If the people won't go to McDonald's, then the Big Macs must go to them.
At least that's the plan.
After a two-month test run in Florida, McDonald's said this week it is preparing to roll out meal delivery in the United States. The hope, the fast-food giant said, was to make up for years of slipping sales by making one of the world's most ubiquitous chains even more inescapable.
"Because of our extraordinary footprint, McDonald's is uniquely positioned to become the global leader in delivery," the company said in a statement, adding that nearly 75 percent of Americans live within three miles of a McDonald's.
"Restaurant delivery is a $100 billion market and it's exploded," McDonald's senior vice president Lucy Brady said at an event with investors this week, according to Bloomberg. "There's significant opportunity."
The food-delivery business — dominated by pizza for the better part of a century — has grown robust in recent years. Much of that growth, analysts say, has come from third-party services such as Seamless, Postmates and DoorDash, which partner with restaurants to deliver food to consumers' homes. Chains including Burger King and the Cheesecake Factory now offer delivery, as do a number of local full-service eateries.
"Delivery is the single biggest trend in the restaurant industry right now," said Jonathan Maze, senior financial editor of the trade publication Nation's Restaurant News. "Numerous restaurant chains are moving in this direction, and there's no reason McDonald's shouldn't do the same."
The fast-food giant already offers delivery in Asian countries including China, South Korea and Singapore. Last year, its delivery business in China grew 30 percent.
But analysts said success in those markets may not necessarily translate to the United States.
"The cost of labor is pretty low in those places, so you can see how delivery would make economic sense," said Ajay Chopra, general partner at Trinity Ventures, a venture capital firm in San Francisco. "It will be trickier for them to make the economics work here."
McDonald's partnered with UberEats for its pilot in Florida and, according to the Chicago Tribune, has been in talks with other third-party services, including Postmates and GrubHub. Analysts said those partnerships make sense for McDonald's — the company won't have to hire extra delivery employees or invest large amounts of money to get the program started — but may not be ideal for customers.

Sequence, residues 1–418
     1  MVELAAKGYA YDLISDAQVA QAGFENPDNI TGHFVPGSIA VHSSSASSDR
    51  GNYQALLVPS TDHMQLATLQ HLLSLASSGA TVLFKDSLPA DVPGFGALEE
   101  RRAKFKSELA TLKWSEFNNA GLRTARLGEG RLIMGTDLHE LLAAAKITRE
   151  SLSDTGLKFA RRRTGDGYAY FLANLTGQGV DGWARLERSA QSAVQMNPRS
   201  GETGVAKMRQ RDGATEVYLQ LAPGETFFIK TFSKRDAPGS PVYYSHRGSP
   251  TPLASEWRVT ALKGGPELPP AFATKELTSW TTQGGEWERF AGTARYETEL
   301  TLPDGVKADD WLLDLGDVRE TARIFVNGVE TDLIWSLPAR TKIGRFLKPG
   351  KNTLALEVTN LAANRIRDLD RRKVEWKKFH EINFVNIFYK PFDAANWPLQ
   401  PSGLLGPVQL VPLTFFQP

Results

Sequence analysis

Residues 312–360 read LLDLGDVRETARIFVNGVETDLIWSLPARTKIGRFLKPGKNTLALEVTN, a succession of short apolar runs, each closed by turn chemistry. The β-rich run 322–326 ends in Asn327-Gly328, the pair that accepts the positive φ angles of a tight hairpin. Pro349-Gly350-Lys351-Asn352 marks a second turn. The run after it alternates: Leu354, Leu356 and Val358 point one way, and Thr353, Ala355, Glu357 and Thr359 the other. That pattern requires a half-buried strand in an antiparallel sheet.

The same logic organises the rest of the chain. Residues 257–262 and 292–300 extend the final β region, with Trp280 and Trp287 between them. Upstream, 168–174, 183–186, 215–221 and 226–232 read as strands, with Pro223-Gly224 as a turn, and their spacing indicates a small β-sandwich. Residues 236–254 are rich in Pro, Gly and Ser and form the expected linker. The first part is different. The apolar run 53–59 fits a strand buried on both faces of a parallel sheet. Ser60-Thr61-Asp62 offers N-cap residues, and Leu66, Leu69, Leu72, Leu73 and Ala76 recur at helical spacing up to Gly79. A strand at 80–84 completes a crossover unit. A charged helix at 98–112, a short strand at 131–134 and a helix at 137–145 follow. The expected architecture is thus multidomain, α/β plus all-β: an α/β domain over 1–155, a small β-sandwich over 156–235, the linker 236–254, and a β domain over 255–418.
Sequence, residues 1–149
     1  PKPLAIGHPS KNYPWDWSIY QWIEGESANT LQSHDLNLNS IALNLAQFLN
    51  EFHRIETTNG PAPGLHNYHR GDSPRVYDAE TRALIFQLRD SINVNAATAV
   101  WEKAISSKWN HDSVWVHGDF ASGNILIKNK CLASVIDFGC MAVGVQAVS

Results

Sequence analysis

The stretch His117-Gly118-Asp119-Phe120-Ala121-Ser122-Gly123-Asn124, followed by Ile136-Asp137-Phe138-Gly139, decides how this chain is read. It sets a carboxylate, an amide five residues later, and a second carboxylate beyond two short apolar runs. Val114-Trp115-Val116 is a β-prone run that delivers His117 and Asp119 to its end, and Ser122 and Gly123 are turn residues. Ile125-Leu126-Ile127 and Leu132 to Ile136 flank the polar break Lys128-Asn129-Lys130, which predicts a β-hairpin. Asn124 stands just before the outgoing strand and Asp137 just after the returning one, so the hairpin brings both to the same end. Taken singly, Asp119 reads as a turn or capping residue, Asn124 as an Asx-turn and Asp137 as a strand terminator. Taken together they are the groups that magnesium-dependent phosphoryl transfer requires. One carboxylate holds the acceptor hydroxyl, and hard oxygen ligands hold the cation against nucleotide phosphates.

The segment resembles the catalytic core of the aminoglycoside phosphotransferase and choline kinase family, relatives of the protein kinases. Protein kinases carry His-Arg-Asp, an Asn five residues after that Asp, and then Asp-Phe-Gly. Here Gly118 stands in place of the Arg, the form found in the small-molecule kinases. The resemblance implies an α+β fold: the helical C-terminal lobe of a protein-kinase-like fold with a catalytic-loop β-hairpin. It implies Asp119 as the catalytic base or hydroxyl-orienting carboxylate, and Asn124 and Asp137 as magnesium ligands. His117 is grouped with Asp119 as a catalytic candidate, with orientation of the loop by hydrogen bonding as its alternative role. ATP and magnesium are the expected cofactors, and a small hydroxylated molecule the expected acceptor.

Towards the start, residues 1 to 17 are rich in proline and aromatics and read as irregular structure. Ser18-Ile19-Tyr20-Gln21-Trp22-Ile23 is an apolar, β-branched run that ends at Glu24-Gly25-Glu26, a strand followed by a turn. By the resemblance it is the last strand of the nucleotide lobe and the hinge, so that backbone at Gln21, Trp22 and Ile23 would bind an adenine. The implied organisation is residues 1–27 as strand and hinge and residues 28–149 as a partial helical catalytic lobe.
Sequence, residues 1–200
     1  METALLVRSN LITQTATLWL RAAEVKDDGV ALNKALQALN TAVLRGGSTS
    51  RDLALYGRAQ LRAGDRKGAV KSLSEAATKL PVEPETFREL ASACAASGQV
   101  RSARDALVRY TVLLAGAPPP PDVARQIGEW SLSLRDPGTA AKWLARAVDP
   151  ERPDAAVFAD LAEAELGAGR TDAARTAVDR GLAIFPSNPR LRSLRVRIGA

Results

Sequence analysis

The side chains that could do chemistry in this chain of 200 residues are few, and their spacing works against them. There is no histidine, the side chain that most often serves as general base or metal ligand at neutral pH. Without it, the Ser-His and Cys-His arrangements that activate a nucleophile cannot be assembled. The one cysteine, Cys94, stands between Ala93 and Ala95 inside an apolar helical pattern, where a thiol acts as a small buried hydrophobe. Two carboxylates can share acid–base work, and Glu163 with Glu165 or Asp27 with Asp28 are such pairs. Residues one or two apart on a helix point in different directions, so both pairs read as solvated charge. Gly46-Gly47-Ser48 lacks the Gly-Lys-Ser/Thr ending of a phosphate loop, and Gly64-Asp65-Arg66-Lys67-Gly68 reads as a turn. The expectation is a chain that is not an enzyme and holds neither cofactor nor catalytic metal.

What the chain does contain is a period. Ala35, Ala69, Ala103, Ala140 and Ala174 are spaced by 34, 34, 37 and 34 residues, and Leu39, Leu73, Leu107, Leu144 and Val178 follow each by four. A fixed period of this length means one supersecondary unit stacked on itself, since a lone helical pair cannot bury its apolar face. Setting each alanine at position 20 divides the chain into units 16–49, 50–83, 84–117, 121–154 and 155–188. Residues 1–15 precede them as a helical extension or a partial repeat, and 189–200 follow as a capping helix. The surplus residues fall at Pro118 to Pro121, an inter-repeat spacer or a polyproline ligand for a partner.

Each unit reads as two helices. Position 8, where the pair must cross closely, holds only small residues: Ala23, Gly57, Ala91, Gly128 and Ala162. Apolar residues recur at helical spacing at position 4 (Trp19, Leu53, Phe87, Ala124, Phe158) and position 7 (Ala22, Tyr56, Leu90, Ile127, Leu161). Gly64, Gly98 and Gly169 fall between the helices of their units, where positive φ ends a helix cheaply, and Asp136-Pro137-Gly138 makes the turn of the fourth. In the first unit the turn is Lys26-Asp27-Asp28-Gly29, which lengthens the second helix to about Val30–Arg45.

UberEats, for example, charges a flat $4.99 delivery fee on all orders. While people may be willing to pay that for a $30 order from a Thai restaurant, some analysts questioned whether customers could justify paying that much of a premium on a $7 Extra Value Meal. UberEats is currently available in 32 American cities, including Washington, Houston and Philadelphia.
"The cost associated with delivery may make it cost prohibitive for many people, especially in smaller towns and cities where people aren't used to paying high prices for delivery," said Bonnie Riggs, a restaurant analyst for the market research firm NPD Group. "You've got to remember this is fast food."
Analysts said there may be other issues, too.
"Pizza has been successful because cheese is a good insulator and the product can withstand a 20-minute delivery journey," a recent JPMorgan report said. "The same goes for Asian, Italian and sandwiches. Other categories don't fare as well. Coffee for example has some impediments, as do burgers and fries, which tend to get soggy quickly."
The move to delivery is just one way McDonald's is hoping to win back customers. The company - which has lost an estimated 500 million transactions since 2012 - also plans to offer mobile ordering and payment options, as well as curbside pick-up, table service and self-serve kiosks to a number of U.S. locations.
"All of this is kind of a no-brainer for McDonald's," said Maze, of Nation's Restaurant News.
"But," he added, "McDonald's fries are absolutely the best when they're served fresh. How will they hold up? That's a big question here."